2016 is ending as an even worse annus horribilis for Malaysia than 2015

In a week’s time, 2016 is ending as an even worse annus horribilis for Malaysia than 2015.

Malaysians were shocked when at the end of last year, Malaysia was named among the world’s six “worst corruption scandals of 2015” by the international website, foreignpolicy.com, which is published daily online by the Slate Group, a division of Washington Post Company.

Malaysia was in the dishonourable third place, as the first two “worst corruption scandals of 2015” went to corruption in the world’s soccer industry involving FIFA (Federation Internationale de Football Association) and Nigeria. The fourth to sixth places went to Honduras and Guatemala, Ghanian judges and the UN General Assembly.

The infamous plaque of dishonour for Malaysia cited as follows:

“When U.S. President Barack Obama visited Malaysia in November, he had the pleasure of arriving in the middle of an awkward corruption scandal. Four months earlier, the Wall Street Journal reported that some $700 million of state funds had ended up in Malaysian Prime Minister Najib Razak’s personal bank account — which was not where they were supposed to go. That tied Razak directly to a probe into the 1Malaysia Development Berhad, a government-owned development company that was supposed to turn Kuala Lumpur into a thriving financial hub. Najib has disparaged the Journal’s reports as inaccurate, claiming instead that the money in his account came from personal donations. But the reports came after the fund had already fallen behind on its payment schedule. Obama claims he raised the question of corruption in a private meeting with Najib, but publicly said only that the government should aim to be ‘more accountable, more open, more transparent, to root out corruption’.”

In my media statement on 2016 New Year’s eve, I asked whether the Prime Minister, Datuk Seri Najib Razak, would address such international infamy and ignominy in his 2016 New Year Message the same night?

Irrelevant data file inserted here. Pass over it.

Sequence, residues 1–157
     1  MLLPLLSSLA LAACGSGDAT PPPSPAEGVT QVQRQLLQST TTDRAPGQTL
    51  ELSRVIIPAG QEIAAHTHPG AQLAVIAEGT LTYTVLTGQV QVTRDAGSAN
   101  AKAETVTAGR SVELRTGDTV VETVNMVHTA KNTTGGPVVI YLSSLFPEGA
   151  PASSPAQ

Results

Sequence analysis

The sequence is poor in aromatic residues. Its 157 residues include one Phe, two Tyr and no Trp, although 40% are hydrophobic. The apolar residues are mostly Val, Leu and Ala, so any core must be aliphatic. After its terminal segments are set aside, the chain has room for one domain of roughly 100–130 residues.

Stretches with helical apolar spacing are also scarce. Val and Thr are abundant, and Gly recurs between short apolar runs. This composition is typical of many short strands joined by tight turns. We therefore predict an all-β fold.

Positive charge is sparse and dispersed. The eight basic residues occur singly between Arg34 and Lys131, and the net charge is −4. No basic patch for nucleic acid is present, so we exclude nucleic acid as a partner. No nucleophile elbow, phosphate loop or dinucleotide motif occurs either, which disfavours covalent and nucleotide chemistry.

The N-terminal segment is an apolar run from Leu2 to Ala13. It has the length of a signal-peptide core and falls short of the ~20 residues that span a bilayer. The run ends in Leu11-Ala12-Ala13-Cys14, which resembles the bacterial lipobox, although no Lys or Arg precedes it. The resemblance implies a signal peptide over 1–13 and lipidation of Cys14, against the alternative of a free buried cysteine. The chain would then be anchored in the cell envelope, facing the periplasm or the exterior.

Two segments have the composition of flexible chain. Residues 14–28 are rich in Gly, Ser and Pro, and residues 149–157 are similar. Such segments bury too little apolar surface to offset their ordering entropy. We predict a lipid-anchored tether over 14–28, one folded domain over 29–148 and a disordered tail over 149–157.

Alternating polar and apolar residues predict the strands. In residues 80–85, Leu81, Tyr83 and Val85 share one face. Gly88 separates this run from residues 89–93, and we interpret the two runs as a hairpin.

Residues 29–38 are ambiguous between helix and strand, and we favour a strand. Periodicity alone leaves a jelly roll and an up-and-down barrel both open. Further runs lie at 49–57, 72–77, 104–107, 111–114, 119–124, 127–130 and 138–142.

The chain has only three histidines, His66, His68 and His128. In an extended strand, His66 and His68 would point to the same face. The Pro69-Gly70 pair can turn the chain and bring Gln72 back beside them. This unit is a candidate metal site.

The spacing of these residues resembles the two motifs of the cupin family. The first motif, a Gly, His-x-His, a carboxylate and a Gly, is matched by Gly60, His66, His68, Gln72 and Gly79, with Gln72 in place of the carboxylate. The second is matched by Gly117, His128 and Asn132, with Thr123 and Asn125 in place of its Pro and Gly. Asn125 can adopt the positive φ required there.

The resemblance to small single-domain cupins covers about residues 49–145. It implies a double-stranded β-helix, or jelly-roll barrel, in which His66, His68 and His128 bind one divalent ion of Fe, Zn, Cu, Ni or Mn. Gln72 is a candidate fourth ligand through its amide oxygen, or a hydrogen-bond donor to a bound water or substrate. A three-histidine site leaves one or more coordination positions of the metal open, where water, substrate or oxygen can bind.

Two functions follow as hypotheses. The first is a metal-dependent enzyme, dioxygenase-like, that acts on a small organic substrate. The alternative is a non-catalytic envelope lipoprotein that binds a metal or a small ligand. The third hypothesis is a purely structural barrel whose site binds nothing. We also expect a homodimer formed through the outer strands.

Najib did. In his 2016 New Year message, the Prime Minister said his twin mega scandals had been resolved and are no more issues, but Najib could not be more wrong as Malaysia had been pounded by the international multi-billion dollar 1MDB kleptocratic money-laundering scandal without surcease for the whole year of 2016.

The dishonour of being named world’s third “worst corruption scandal in 2015” was small fry compared to greater international dishonour which followed quick and fast for Malaysia in the whole of this year.

First, Malaysia fell to 54th among 168 countries in the Transparency International Corruption Perception Index 2015, and would have fallen to 59 to 60 position if five countries, Bahamas, Barbados, Dominica, Puerto Rico and St Vincent – which had been ranked higher than Malaysia – were not excluded due to technical reasons like not meeting three minimum secondary sources for research.

Second, Malaysia was cited by TIME magazine in March as second worst example of global corruption, as follows:

“As investigations of the state fund got underway, it was revealed that $681 million dollars had been deposited into Najib’s personal account.The prime minister copped to the money transfer, but claimed it was a ‘gift’ from the Saudi royal family, about $620 million of which he says he has returned. Two weeks ago, the 1MDB investigation uncovered that the total routed into Najib’s personal account was actually about $1 billion.

“Malaysia is a de facto one-party country. All of the country’s six post-independence prime ministers have come from the United Malays National Organization (UMNO). That’s why Najib owes his position to his party, not to the Malaysian people – good news for a man currently polling at 23 percent, the lowest ever for a Malaysian head of government. He has spent the last half-decade strengthening his position within UMNO, and the past year since the 1MDB scandal broke purging his party of potential adversaries. This past summer, Najib fired his attorney general, who had been leading the 1MDB investigation. Malaysia exemplifies how corruption drives can fall short in countries with a single political party and weak governing institutions.”

Third, Malaysia’s international corruption reputation continued to nose-dive when it was placed second by Economist in its index of crony capitalism in May – just behind Russia which clinched the crony capitalism crown.

Fourth, Malaysia ascended to the throne of “global kleptocracy” when the US Department of Justice (DOJ) filed its largest kleptocratic lawsuits to forfeit US$1 billion of 1MDB-linked assets in the United States, United Kingdom and Switzerland from US3.5 billion international 1MDB kleptocratic embezzlement and money-laundering scandal, which is expected to be followed by US criminal investigations and actions.

Fifth, criminal investigation and prosecution by over half a dozen countries as the 1MDB scandal involves at least 10 nations around the world from Asia to the Middle East to North Amercia, and involves the use of shell companies in offshore wealth centres, spending at a Honolulu Chanel store and Las Vegas gambling.